What if Christopher Columbus had to find an additional source of revenue to help finance his historic voyage? Queen Isabella was certainly low on funds after the Spanish war with the Muslims ended in 1492. Columbus might have resorted to taking on paying passengers aboard the Nina, the Pinta and the Santa Maria. But how could he persuade anyone to embark on such a perilous trip?
“You will be on my flagship, the Santa Maria, and you will dine at the captain’s table,” he would begin. “We will be cruising to the exotic East Indies and later on to the Orient, a wonderfully enchanted land rich in silks, spices and gold.”
A skeptical landlubber would have done some research beforehand. “Captain, I’ve been talking to your crew members. Half of them are convinced you’ll sail off the edge of the earth, and those are the optimists. The others think all three ships will be devoured by sea monsters before you even reach the edge.”
Columbus would laugh and reply that sailors are known to be wildly superstitious and shouldn’t be taken seriously. “There is no edge,” he’d say. “The earth is as round as the moon and I’m sure the ships up there are ranging freely as we are about to do.”
“But it doesn’t look like a luxury cruise, Captain. We’d like celebrity entertainers, staterooms with verandas, shufffleboard and sumptuous buffets. What kind of food will be served at the captain’s table?”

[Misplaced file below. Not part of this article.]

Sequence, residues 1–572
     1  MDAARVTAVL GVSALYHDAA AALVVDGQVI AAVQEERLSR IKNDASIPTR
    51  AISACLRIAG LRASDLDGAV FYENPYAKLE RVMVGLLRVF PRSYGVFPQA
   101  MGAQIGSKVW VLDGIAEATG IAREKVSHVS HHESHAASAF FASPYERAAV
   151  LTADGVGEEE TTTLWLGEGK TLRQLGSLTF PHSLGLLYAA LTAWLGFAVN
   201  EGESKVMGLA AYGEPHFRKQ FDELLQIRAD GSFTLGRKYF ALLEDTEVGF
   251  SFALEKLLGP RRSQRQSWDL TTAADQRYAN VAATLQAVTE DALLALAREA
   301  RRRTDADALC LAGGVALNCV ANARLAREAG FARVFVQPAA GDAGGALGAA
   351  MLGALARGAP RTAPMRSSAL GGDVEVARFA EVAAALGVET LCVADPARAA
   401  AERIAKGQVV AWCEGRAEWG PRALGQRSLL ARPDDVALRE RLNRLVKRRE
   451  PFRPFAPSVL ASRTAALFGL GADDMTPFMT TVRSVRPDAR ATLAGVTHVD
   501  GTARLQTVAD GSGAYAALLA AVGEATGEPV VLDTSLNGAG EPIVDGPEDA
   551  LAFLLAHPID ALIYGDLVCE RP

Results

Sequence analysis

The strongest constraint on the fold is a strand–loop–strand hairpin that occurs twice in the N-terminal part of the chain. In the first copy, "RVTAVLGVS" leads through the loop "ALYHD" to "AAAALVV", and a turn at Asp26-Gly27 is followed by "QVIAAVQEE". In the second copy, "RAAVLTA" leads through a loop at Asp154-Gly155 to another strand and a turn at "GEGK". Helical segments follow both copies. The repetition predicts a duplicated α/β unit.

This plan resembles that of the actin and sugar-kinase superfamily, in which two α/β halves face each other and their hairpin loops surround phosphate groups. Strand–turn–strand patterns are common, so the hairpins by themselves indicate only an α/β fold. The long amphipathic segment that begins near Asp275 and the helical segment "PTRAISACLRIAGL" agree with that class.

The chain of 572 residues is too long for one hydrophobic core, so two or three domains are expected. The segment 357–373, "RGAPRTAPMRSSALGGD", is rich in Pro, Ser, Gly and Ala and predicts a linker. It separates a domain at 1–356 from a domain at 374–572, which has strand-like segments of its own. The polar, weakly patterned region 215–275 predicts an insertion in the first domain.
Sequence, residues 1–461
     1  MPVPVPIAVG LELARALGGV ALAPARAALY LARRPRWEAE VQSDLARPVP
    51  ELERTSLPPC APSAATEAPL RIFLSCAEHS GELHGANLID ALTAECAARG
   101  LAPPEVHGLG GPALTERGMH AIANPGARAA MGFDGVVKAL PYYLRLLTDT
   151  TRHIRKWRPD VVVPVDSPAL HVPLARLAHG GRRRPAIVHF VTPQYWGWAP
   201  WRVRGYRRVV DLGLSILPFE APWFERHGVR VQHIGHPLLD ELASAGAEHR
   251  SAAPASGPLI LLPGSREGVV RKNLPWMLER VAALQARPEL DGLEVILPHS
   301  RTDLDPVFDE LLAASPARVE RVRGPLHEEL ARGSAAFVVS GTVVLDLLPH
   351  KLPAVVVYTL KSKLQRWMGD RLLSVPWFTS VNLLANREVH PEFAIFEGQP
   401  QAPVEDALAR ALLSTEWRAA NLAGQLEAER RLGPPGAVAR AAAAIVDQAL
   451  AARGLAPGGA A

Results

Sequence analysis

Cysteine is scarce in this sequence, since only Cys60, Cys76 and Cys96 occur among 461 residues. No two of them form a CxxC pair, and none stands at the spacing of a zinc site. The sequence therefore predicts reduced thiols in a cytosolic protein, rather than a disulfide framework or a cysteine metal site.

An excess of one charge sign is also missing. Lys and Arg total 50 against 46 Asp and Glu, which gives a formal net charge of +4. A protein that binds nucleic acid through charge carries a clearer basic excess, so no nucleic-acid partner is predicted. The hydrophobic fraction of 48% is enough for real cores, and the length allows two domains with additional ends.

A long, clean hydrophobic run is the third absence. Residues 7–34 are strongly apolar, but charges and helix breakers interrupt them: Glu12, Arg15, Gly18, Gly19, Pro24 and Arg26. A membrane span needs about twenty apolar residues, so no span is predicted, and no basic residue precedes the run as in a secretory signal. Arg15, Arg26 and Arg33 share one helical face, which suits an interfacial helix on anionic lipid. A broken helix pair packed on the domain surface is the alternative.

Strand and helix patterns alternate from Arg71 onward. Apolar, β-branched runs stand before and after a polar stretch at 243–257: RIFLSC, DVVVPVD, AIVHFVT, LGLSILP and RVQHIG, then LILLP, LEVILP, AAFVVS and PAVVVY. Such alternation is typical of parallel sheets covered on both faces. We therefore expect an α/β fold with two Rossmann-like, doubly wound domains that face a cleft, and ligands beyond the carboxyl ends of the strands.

“You will be feasting on the catch of the day and an occasional sauteed seagull. Delectable sides will include a mouth-watering selection of bully beef patties and delicately spiced hard tack. Our chef has sailed with the English so there will be an open bar every evening with a rum cocktail hour and deep fried something or others.
“If you have any doubts about any aspect of the cruise,” Columbus will add, “you can sign up with our New World Trip Policy which covers sea monster attacks, mutinies, shipwrecks and scurvy.”
The insurance plan would have been a good idea. The flotilla eventually experienced the threat, at least, of all of the above except the sea monsters. Columbus, the “Admiral of the Ocean Seas” was navigating with only a compass. The ship’s “clock” was a sandglass timer that had to be inverted promptly when it emptied. Thinking the earth was much smaller than it is, he was convinced his four voyages ended at the edge of the East Indies which were actually thousands of miles further on. He’d reached the West Indies.
On the plus side, his paying passengers would not have experienced boarding pass delays or long security lines with shoe removals and X-rays before embarking in Palos, Spain and no passport or custom inspections after landing.
There would have been no rental car mix-ups or lost luggage unless there wasn’t time to rescue some when the Santa Maria sank off Hispaniola on Christmas Day, 1492. Remains of what may be the Santa Maria were discovered in 2003. Identification has yet to be confirmed, but many artifacts, including an ancient cannon, are encouraging evidence. There were no traces of verandas or shuffleboard discs in the wreckage.